Through the lifespan of the format, Microsoft has been a strong supporter of HD DVD. Microsoft helped to design the specifications and the underlying software that is used for many HD DVD titles, and even released HD DVD hardware for the Xbox 360.
Microsoft is currently developing a "Windows Feature Pack for Storage" for both Windows XP and Windows Vista with no announced shipment date yet.
Plans for such an update were revealed on a Microsoft Connect website for test and development purposes, which detailed three new technologies that would eventually be added into the operating systems.
Although Blu-ray Disc media is currently supported through third party software, the update will integrate burning into the OS. The upcoming Image Mastering API update "enables the Windows platform to do master style optical burning on Blu-Ray media," according to the website.
The other update includes Active Storage Platform, which enables the system to "restrict access to portable devices (such as a USB Flash Device) via a certificate or password authentication based on the IEEE 1667 standard specification."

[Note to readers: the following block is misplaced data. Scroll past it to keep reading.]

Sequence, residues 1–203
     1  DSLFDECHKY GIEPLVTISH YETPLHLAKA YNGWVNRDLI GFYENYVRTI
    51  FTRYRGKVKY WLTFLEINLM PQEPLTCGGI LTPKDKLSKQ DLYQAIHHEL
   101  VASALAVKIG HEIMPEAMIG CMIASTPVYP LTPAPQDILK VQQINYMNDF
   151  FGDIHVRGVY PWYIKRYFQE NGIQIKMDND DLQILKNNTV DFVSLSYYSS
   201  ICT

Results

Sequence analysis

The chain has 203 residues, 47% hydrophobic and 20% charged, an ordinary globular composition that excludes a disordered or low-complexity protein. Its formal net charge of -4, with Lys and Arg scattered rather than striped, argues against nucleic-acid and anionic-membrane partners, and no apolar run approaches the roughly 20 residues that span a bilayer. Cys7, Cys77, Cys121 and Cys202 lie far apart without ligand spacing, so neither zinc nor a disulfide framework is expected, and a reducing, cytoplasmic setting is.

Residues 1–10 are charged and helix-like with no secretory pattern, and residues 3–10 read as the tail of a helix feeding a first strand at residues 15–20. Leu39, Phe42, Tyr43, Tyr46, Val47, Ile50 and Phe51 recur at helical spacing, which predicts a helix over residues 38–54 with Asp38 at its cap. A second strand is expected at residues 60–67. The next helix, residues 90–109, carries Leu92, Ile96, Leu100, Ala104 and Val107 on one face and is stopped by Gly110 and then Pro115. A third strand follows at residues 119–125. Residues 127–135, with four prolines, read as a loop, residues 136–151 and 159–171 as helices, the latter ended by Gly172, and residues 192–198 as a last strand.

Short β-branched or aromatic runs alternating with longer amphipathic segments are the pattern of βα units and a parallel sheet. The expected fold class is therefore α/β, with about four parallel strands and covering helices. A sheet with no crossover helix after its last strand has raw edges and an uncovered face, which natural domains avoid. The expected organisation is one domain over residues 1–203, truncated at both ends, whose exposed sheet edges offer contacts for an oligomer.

The last of the three new features is a Smart Card Driver that provides support for new form factors, such as ICCD/CCID.
While some may view the added Blu-ray Disc support in Windows as a sign of the format’s victory, Microsoft is simply padding the features of its operating system. Just because one can soon burn a Blu-ray Disc more easily in Windows doesn’t mean that Microsoft is a true Blu-ray believer.
While writable Blu-ray Discs will be the optical storage of the future, Microsoft is likely still looking at at digital downloads as the true answer for HD media delivery.